But You Need to Wear a Hijab Over There, Right?

The other night I was sitting with a French couple in their 50s and we came to talk about the ban on religious symbols in France. The couple, who I would say are very openminded and also has a son-in-law who’s Muslim, defended the ban and claimed that it was an equal ban for all religions. I don’t agree on this, I think the ban strikes harder on Muslim women wearing hijab, who either has to choose not to cover their hair, or stay away from certain choices in life – important choices such as education and work. The symbols in other religions are not as significant, I argued.

“But you have been to a lot of Middle Eastern countries” the woman then said. “And you have to wear a hijab there, right? So if we have to adapt when we are there, Muslims should adapt when they’re in a Western country!”

A small lesson for everyone that shares this idea: No, in the majority of the Middle Eastern countries women are not legally enforced to wear a hijab. Of the 21 countries in the MENA region (MENA=Middle East and Northern Africa, I am using the term MENA as I want to include also other Arab countries outside the Middle East) a woman is forced only to wear a hijab in Saudi Arabia and Iran. It is a misunderstanding that you are obliged to do so in all Arab countries.

Yes, most countries are conservative and culturally it would be inappropriate in many places to for example display your shoulders as a woman or wear a miniskirt that would expose your thighs. But this also differs from place to place. Even in more conservative countries such as Kuwait, where there is a ban on alcohol, in the private beaches the custom is bikini, and women in such swimwear mix with women who has donned the burkini, an all-covering swimsuit. It depends a lot on the context.

Me and the French couple didn’t get along when discussing this point, even after I explained the no force in most Arab contries on wearing hijab. They argued that hijab was not fit for schools as it is a religious symbol and that also young girls shouldn’t wear a hijab before they can choose for themselves. As I often do when being involved in such discussions, I have to explain myself: no, I’m not religious myself/No, l wouldn’t wear a hijab myself/Yes, also I think girls shouldn’t be made wearing a hijab until they are old enough to choose for themselves/Yes, it should definitely be a choice of their own. But if you want to cover your hair, if it’s a private part of your body for you, how do you think it feels being forced to show it? I myself would feel hurt and violated by the society. And it’s never very good to have a large group of people that feels violated by the society.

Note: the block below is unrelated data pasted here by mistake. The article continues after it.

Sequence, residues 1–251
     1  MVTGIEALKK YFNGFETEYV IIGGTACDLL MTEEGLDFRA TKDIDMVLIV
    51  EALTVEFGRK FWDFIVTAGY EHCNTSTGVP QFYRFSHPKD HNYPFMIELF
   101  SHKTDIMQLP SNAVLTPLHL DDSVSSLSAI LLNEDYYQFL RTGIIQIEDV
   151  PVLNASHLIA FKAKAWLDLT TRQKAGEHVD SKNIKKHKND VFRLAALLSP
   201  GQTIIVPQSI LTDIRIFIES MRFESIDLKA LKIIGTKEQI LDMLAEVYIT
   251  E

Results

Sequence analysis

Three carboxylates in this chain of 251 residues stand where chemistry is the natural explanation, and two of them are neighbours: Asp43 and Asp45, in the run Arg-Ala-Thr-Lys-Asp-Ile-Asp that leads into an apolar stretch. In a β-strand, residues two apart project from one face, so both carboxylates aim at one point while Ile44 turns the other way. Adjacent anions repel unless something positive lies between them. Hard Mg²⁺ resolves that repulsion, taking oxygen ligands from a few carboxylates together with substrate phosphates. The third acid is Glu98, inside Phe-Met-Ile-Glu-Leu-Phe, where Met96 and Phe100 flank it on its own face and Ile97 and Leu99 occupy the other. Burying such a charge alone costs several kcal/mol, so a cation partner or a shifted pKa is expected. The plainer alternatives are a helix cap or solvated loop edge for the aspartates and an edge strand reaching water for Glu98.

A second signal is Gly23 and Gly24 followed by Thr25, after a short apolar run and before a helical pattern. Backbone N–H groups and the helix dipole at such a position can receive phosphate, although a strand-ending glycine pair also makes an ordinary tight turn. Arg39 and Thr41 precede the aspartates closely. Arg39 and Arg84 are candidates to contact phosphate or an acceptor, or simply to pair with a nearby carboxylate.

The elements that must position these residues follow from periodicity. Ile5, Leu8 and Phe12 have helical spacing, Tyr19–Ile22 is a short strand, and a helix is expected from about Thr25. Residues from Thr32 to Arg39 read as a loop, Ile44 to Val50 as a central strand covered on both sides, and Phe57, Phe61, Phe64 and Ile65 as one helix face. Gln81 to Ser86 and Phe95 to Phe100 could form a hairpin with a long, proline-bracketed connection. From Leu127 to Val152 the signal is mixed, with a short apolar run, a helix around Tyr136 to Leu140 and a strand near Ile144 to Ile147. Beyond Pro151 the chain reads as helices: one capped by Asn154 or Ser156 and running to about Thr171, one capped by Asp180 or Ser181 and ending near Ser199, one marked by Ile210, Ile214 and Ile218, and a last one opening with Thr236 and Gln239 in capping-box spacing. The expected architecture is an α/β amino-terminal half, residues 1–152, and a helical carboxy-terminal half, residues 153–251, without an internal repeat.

Not to boast about my own country but… We have no such ban here, I believe many Muslims feel that they are not as exposed to hate crimes in Sweden as in other societies where they are a minority, and we also have not faced the same level of terrorist crimes such as other European countries, for example France. Why is that?

Whatever one might think of how big role the religion should be allowed to take in a society, the state is creating more problems by preventing its citizens to practise their religion. During my stays in the Middle East I have in general been met with respect for the person I am, and I wish that respect always would work both ways.

9 thoughts on “But You Need to Wear a Hijab Over There, Right?

  1. Hmmm… an interesting look into the issue. I wish to remain neutral here. I only want to point out that you say that in all but 2 MENA countries, you are not obliged (I interpret to mean legally obliged) to wear a hijab, but there are cultural expectations. Sometimes the cultural expectations carry more weight than the legal ones…


    • Yes good point! I have not experienced that in any of the countries I have been to -but I on the other hand have not been to all countries in MENA. From my understanding the cultural expectations would be strongest in Yemen and Iraq; in Iraq due to the lack of security which makes u a target for extremist groups if you’re uncovered. So in most MENA countries the understanding of you as a non-Muslim would be prevalent.


    • Interesting subject and one I am also torn on. I do believe (to a certain degree) that when in a country, you should act as they do. I do see where France is coming from. On the other hand. I also agree that if someone has very strong religious beliefs on this, who are we to say that they cannot follow them?


  2. I agree. I think that a woman should be able to show as much skin as she wants to, or cover up as much as she wants as well. If they’re afraid that women are being forced to cover, then they should ban the act of forcing a woman to cover, not the actual hijab itself. Great post 🙂


  3. Hey Jenny – as a Muslim, I was happy to read this well-reasoned post. Thank you for taking that stance.

    The region I live in – South Asia – is home to about 44% of Muslims. And nowhere will one find any coercion / law enforcing the Hijab. It’s a woman’s choice and between her and her Lord. We can’t force it any more than we can ban it. Of course, cultural expectations / pressure to dress in a certain way is we can’t help 🙂

    Most of the people who blindly and doggedly oppose or insult the Hijab – have never really experienced it outside of television. I suspect your experiences in MENA had something to do with your views. Either way, thanks for standing out from the crowd. If you have time, check out my recent post on the Hijab.


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